Retrospective observational study shows combination vaccines may improve vaccination coverage rates in infants
A new analysis from a retrospective observational study of administrative claims data from the Georgia State Medicaid program showed that infants who received at least one shot of PEDIARIX ® [Diphtheria and Tetanus Toxoids and Acellular Pertussis Adsorbed, Hepatitis B (Recombinant) and Inactivated Poliovirus Vaccine Combined] or Comvax® [Haemophilus b Conjugate (Meningococcal Protein Conjugate) and Hepatitis B (Recombinant) Vaccine] had higher immunization coverage rates for most of the vaccines or vaccine series studied in the first two years of life compared to infants given no doses of either of these combination vaccines. Results from the study were published in the June 2007 issue of the Pediatric Infectious Disease Journal.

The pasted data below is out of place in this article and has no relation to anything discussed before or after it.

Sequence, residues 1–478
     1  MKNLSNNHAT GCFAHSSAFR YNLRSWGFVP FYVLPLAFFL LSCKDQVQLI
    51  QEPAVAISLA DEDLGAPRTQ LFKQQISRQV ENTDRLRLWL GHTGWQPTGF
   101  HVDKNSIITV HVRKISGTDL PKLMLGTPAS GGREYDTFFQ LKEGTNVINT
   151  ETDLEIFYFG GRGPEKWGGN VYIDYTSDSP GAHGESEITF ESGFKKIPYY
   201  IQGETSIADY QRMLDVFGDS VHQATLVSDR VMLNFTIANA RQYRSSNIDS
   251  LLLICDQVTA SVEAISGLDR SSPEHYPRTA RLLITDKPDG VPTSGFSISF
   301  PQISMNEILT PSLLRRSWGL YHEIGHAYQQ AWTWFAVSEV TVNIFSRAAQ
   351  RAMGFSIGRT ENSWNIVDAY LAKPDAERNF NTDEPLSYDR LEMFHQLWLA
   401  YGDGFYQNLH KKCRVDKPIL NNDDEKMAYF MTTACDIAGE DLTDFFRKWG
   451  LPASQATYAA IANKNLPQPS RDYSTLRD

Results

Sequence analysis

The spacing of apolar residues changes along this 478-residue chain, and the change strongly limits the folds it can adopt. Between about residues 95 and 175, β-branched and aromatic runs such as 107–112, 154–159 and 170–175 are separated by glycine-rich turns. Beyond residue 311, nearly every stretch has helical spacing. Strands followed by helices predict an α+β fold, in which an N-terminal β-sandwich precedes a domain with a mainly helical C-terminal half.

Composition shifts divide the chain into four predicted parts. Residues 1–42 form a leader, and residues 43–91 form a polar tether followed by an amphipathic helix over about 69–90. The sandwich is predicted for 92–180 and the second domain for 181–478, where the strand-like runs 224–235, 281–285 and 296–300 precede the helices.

“The routine immunization schedule for children has grown more complex as new vaccines have been added,” said Dr. Gary Marshall, Professor of Pediatrics, Division of Pediatric Infectious Diseases, University of Louisville School of Medicine, Louisville, KY. “While this is good news in the sense that it means more protection against disease, it also means more difficulty delivering the shots. Results from this study suggest that by using combination vaccines and thereby decreasing the number of shots while providing the same protection, we can facilitate completion of the recommended series.”
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